Haydock Catholic Bible Commentary
House. The sacred humanity, (St. Ignatius; St. Augustine, City of God xvii. 20.) or the Church. (St. Gregory, Mor. xxxiii. 15.) --- Here we may receive all instruction, the seven sacraments, and the gifts of the Holy Ghost. Pleasure had mentioned here attractions: now those of true wisdom are set before us. (Calmet) --- God sent his pastors at all times, to invite people to embrace the latter. They are all included in the number seven, both before and under the law, as well as in the gospel, where St. Paul styles Sts. Peter, James, and John, pillars, Galatians ii. This is the literal sense, on which the mystical is grounded, and both are intended by the Holy Ghost, intimating that the uncreated wisdom took flesh of the blessed Virgin [Mary], prepared the table of bread and wine, as Priest according to the order of Melchisedec, and chose the weak of this world to confound the strong, as St. Augustine explain this passage. (Sup. and q. 51.) (Worthington)
Victims. Moses ordered the blood to be poured out at the door of the tabernacle, and a part given to the priests, after which the rest might be taken away. The like was probably done at Jerusalem, Leviticus xvii. 4. These victims are contrasted with those of pleasure, chap. vii. 14. --- Mingled. It was not customary for any but barbarians and the gods to take pure wine. Some mixed two, others three, five, or even twenty parts of water. But the scholiast of Aristophanes says, the best method was to have three parts water, and two of wine. Mercury complains that his wine was half water. (Arist. Plut. v. Sun. i.) --- The Fathers often apply this text to the feast of Jesus Christ in the blessed Eucharist. (Calmet) --- St. Cyprian (ep. iii.) citeth the whole passage of Christ's sacrifice in the forms of bread and wine. (Worthington)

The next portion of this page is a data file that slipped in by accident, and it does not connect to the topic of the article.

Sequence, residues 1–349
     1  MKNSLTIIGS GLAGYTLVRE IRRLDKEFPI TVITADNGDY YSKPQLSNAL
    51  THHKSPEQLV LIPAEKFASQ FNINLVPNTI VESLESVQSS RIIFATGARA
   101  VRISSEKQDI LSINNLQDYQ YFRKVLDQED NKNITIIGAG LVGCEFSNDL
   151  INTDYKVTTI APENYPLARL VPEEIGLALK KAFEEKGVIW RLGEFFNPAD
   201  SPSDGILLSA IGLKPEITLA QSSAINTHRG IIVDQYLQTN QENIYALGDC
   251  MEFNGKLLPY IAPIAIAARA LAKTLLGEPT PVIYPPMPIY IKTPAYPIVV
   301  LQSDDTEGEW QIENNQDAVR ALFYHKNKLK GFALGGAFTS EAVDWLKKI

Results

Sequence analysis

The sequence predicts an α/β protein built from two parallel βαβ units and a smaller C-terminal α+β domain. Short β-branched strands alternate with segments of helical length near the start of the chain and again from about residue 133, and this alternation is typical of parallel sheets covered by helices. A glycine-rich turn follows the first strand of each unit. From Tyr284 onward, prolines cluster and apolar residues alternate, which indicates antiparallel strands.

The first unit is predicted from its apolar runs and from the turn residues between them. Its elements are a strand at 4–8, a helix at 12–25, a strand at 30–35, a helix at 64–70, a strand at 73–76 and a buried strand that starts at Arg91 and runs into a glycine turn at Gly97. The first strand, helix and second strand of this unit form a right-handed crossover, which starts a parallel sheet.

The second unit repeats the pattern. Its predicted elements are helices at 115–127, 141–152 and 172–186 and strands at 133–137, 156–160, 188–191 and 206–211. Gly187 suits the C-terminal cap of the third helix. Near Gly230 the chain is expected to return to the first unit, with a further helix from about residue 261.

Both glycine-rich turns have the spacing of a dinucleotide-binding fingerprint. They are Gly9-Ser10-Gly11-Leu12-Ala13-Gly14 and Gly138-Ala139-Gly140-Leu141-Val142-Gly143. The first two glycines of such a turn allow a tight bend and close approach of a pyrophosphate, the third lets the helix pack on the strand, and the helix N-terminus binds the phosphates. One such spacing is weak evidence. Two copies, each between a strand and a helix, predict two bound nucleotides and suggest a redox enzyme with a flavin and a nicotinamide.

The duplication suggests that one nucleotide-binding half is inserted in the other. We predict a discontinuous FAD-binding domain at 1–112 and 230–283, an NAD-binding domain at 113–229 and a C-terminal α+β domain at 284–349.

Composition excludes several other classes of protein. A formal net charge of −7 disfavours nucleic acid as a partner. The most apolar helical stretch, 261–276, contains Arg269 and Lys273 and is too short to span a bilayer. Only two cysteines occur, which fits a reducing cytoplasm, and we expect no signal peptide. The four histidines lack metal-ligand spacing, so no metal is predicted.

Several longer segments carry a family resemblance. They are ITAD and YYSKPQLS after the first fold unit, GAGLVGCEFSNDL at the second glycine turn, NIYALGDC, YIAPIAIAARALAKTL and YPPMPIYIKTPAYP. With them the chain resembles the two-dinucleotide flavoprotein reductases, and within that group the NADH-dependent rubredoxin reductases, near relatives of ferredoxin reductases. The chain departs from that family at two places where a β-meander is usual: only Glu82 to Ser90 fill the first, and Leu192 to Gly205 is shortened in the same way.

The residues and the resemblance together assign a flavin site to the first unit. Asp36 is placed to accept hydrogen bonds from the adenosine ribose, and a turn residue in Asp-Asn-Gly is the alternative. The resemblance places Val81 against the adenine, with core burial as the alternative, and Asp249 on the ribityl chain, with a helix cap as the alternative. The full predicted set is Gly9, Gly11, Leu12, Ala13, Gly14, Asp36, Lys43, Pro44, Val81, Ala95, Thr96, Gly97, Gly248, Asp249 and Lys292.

Maids. Septuagint, "servant men," the pastors of the church, inviting all to piety in so public a manner, that none can plead ignorance. (St. Gregory) (Calmet) --- To invite. Protestants, "she crieth upon the highest places of the city." (Haydock) --- Christ enjoins his apostles to preach on the roofs, Matthew x. 37.
One. Simple, but not inconstant, like children, 1 Corinthians xiv. 20. Pleasure addresses the same, (chap. vii. 7.) but for their destruction. (Calmet)
Scorner. This is the reason why wisdom speaks only to the simple. The conceited would only laugh at her instructions. These scoffers represent heretics and libertines, chap. i. 22. (Calmet) --- Where there is no hope of amendment, prudence and charity require us to be silent, as our rebukes would only procure us enmity, and make the sinner worse. (Worthington) --- Of such St. John was afraid, and therefore ceased from writing, 3 John 9. Yet St. Paul commands public reprehension, 1 Timothy v. 20. (Menochius) --- When there is any prospect of good, all, particularly superiors, are bound to correct. (St. Augustine, City of God i. 9.; and St. Basil, reg. fus. 158.) (Worthington)
Occasion. This word is found in Septuagint, Syriac, and Arabic. We might supply instruction, (Calmet) with Protestants.
Prudence. Or "prudence is the science of the saints," (Haydock) directing what to choose on all occasions to obtain heaven. (Calmet) --- The knowledge contained in the holy Scriptures, and possessed by the saints, is superior to all other sciences. (Menochius)
And full. Protestants, "she is simple and knoweth nothing." Septuagint, "is in want of a piece of bread." They have several verses before this, which are here omitted. (Haydock) --- Wisdom and pleasure are opposed to each other. (Calmet)
Pleasant. Impure pleasures are more delightful (Calmet) to sensual men. (Haydock) --- The prohibition increases appetite. (Menochius)
Giants. Who lived when all flesh had corrupted its ways, (Genesis vi. 12.) and were sentenced to hell, Job xxvi. 5., and Isaias xiv. 9. (Calmet)